Sexual themes of all types should be avoided. Rape and graphic lust should never be portrayed or discussed. Explicit sexual activity should not be portrayed. The concept of love or affection for another is not considered part of this definition.


Nudity is only acceptable, graphically, when done in a manner that complies with good taste and social standards. Degrading or salacious depiction is unacceptable. Graphic display of reproductive organs, or any facsimiles will not be permitted.


Disparaging graphic or textual references to physical afflictions, handicaps and deformities are unacceptable. Reference to actual afflictions or handicaps is acceptable only when portrayed or depicted in a manner that favorably educates the consumer on the affliction and in no way promotes disrespect.


Human and other non-monster character races and nationalities should not be depicted as inferior to other races. All races and nationalities shall be fairly portrayed.


Slavery is not to be depicted in a favorable light; it should only be represented as a cruel and inhuman institution to be abolished.


The use of religion in TSR products is to assist in clarifying the struggle between good and evil. Actual current religions are not to be depicted, ridiculed, or attacked in any way that promotes disrespect. Ancient or mythological religions, such as those prevalent in ancient Grecian, Roman and Norse societies, may be portrayed in their historic roles (in compliance with this Code of Ethics.) Any depiction of any fantasy religion is not intended as a presentation of an alternative form of worship.


Fantasy literature is distinguished by the presence of magic, super-science or artificial technology that exceeds natural law. The devices are to be portrayed as fictional and used for dramatic effect. They should not appear to be drawn from reality. Actual rituals (spells, incantations, sacrifices, etc.), weapon designs, illegal devices, and other activities of criminal or distasteful nature shall not be presented or provided as reference.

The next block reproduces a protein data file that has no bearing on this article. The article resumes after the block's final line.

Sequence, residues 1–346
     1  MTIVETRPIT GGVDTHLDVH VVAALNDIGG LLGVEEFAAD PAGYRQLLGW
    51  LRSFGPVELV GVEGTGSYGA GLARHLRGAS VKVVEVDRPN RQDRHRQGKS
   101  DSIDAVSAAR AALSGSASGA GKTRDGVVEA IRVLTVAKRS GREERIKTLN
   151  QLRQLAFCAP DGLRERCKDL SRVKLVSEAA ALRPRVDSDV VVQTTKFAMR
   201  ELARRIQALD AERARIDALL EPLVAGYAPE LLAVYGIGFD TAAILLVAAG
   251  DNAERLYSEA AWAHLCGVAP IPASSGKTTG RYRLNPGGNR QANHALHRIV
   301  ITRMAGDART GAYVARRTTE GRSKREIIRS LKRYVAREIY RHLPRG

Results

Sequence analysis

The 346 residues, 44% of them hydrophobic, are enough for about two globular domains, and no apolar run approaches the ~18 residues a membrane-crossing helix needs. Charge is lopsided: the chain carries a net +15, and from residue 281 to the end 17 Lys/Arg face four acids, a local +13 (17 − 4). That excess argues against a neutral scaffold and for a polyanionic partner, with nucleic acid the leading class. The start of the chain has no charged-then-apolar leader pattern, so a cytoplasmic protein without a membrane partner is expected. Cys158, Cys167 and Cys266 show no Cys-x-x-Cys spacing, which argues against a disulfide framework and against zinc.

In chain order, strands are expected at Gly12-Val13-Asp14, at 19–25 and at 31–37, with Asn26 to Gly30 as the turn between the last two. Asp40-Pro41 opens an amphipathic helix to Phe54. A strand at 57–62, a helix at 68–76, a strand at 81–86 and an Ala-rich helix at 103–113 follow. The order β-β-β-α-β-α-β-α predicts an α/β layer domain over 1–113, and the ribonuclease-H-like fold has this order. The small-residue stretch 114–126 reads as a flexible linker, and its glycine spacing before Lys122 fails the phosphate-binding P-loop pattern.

Narcotic and alcohol abuse shall not be presented, except as dangerous habits. Such abuse should be dealt with by focusing on the harmful aspects.


The distinction between players and player characters shall be strictly observed.

It is standard TSR policy to not use 'you' in its advertising or role playing games to suggest that the users of the game systems are actually taking part in the adventure. It should always be clear that the player's imaginary character is taking part in whatever imaginary action happens during game play. For example, 'you' don't attack the orcs--'your character' Hrothgar attacks the orcs.


It is TSR policy to not support any live action role-playing game system, no matter how nonviolent the style of gaming is said to be. TSR recognizes the physical dangers of live action role-playing that promotes its participants to do more than simply imagine in their minds what their characters are doing, and does not wish any game to be harmful.


While TSR may depict certain historical situations, institutions, or attitudes in a game product, it should not be construed that TSR condones these practices.

Original here